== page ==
Raiders minicamp observations: QBs Cook, Manuel battling for backup job

Raiders minicamp observations: QBs Cook, Manuel battling for backup job

ALAMEDA – Derek Carr took his helmet off after stretching and individual drills. The Raiders quarterback didn’t put it back on again.

The offseason program’s final practice was for the backups. Starters were spectators during team periods, as reps went to those needing it most.

Connor Cook and EJ Manuel assumed quarterback duties among the two active units, and continued a competition to be Carr’s primary backup.

It didn’t conclude Thursday, and should extend well into the preseason.

Cook has primarily run the second unit with Manuel orchestrating the third, though the pair have switched at times.

Cook’s more familiar with the system after a year in it. Manuel’s picking up since signing as a free agent in March.

“I think he’s come in and he and Connor are battling for the backup spot,” head coach Jack Del Rio said. “They’ve alternated days, who’s working with the second group, who’s with the third group. They’ve alternated all throughout the offseason. We’ll continue that through training camp until we feel like someone’s earned that designation.”

The Raiders know too well the backup spot is vital. Carr went down in Week 16 last season and the Silver and Black never recovered. Cook and former reserve Matt McGloin struggled under difficult circumstances, and the Raiders never won a game without their starter.

Both quarterbacks had good moments and bad during offseason practices open to the media. Cook would seem to be a frontrunner, considering the Raiders traded up slightly to draft him in the fourth round last year. Manuel signed a contract with no guaranteed money this offseason, hoping for a fresh start after the 2013 first-round pick fell out of favor in Buffalo. He’s reunited with offensive coordinator Todd Downing – a former Bills quarterbacks coach – and enters a quarterback room that has had two and three guys on the 53-man roster under Del Rio.

The head coach likes his backup options, though there isn’t a clear hierarchy at this point.

“I think that room is strong right now, the quarterback room,” Del Rio said. “It’s a really healthy environment.”

Here are more notes and observations from Thursday’s minicamp practice:

-- Fourth-round offensive lineman David Sharpe received tons of work this offseason, with veteran right tackles Austin Howard and Marshall Newhouse missing time with injury. While pads are necessary when evaluating linemen, Del Rio was happy with Sharpe’s early work.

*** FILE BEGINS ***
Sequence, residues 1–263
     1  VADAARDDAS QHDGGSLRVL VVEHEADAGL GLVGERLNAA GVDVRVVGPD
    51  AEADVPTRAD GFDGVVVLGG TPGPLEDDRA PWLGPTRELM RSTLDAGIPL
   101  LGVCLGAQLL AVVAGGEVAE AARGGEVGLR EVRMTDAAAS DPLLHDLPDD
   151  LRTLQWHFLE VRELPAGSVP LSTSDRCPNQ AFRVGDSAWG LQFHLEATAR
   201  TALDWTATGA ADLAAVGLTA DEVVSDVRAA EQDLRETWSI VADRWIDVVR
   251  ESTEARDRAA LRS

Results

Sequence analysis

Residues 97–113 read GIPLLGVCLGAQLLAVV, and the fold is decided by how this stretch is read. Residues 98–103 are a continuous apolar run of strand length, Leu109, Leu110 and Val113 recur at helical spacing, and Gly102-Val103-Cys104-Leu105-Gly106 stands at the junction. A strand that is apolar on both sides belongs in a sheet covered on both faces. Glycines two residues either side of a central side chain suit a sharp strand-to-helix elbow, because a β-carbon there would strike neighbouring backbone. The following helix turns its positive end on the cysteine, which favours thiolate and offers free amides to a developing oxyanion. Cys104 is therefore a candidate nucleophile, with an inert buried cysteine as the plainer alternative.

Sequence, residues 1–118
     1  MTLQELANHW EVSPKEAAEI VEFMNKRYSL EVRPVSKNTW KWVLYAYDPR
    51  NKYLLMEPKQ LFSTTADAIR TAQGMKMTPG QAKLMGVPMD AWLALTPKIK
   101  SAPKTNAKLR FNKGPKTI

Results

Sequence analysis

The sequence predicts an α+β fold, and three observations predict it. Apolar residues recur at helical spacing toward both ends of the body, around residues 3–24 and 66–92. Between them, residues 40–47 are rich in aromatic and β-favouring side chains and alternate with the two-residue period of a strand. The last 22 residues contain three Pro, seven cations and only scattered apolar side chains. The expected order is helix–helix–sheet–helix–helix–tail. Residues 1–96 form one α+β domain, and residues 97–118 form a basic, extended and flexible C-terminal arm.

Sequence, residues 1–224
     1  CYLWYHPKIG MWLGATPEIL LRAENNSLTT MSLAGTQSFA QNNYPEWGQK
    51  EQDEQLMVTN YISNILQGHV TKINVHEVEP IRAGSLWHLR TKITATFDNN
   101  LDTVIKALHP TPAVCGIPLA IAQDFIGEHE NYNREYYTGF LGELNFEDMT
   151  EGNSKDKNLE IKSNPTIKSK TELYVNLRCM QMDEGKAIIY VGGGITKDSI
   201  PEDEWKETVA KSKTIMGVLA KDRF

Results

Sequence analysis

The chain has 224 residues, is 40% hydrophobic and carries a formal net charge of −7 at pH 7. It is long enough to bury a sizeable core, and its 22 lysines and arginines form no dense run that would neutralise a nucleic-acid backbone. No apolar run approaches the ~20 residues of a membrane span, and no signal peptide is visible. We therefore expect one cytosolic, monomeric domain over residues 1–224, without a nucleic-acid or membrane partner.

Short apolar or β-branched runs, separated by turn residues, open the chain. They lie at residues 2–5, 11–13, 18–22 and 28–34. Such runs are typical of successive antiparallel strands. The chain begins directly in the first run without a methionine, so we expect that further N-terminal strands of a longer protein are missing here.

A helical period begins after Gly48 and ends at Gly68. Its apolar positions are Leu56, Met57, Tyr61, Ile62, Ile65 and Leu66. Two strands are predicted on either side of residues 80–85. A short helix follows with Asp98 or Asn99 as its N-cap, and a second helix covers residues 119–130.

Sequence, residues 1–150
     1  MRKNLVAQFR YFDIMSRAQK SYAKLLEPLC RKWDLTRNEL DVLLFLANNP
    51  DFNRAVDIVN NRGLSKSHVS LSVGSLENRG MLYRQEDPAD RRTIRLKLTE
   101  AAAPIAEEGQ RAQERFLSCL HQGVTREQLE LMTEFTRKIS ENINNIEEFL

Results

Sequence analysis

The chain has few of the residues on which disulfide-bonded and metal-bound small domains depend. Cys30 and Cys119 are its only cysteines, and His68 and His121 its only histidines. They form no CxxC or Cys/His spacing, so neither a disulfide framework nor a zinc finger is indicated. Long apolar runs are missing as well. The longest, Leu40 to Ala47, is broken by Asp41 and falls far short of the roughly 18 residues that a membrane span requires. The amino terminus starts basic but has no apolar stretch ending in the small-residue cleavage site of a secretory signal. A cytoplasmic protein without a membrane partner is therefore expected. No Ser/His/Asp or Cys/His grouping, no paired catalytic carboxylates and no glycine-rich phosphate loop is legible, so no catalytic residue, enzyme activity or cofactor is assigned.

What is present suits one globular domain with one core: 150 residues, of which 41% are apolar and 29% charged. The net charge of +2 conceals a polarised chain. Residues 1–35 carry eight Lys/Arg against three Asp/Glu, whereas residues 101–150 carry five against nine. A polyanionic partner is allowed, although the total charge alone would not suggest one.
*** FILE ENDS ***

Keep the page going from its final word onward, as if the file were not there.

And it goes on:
“He’s been bright. Has come in and joined a group. Fit right in,” Del Rio said. “He’s been very purposeful and working at learning the system and understanding how we do things. I think he’s growing from a technique standpoint with (offensive line coach Mike Tice). We think he has a bright future.”

-- Offensive guard/center Jon Feliciano went down hard and looked to suffer an apparent knee injury last week during OTAs. He was attended to by trainers for an extended stretch, but was able to leave the field under his own power. Del Rio said he didn’t expect Feliciano’s injury to be a long-term issue.

-- Cornerback Gareon Conley missed the last two days of minicamp, with an undisclosed ailment. Defensive linemen Jihad Ward, Fadol Brown and Darius Latham missed minicamp with injury. Howard, Newhouse and Feliciano also missed recent sessions, as previously mentioned in other notes.

-- Khalil Mack was given the professional 2016 Butkus Award on Wednesday by Dick Butkus himself in a private ceremony.

-- Receiver Seth Roberts, working on the punt teams this offseason, blocked a Marquette King offering during a special teams period. He could play more special teams this year, especially with Andre Holmes moved on to Buffalo. 

-- King took lots of reps Thursday, and sent several punts booming into the opposing 20-yard line.

-- Cornerback Kenneth Durden intercepted quarterback Connor Cook, collecting a ball originally well deflected by Dexter McDonald.

Carr plans to spread new wealth after Raiders contract extension

Carr plans to spread new wealth after Raiders contract extension

ALAMEDA – Derek Carr isn’t one for extravagance. The low-key Raiders quarterback already has some nice cars, a house and some luxury items to his name, but signing a $125 million contract extension Friday morning won't prompt a spending spree.

Cornerback Sean Smith suggested he get a Bugatti. That’s a $1 million car.

“Yeah,” Carr said with a smirk. “That’s not going to happen.”

That isn’t the 26-year old’s style. Carr had a his own plan after signing on the dotted line.

“I’ve been eating clean,” Carr said. “I’ll probably get Chick-fil-A.”

That makes sense. This is a guy who celebrated his first NFL victory with a trip through a Carl’s Jr. drive-in.

There will be other purchases. His wife Heather will get something nice in the near future. His family, especially Heather and sons Dallas and Deker, will be taken care of for life.

After all that, Carr plans to spread the wealth.

“The exciting thing for me moneywise, honestly, is this money is going to help a lot of people,” Carr said. “I’m very thankful to have it, that it’s in our hands because it’s going to help people. Not only in this country, but in a lot of countries around the world. That’s what’s exciting to me.”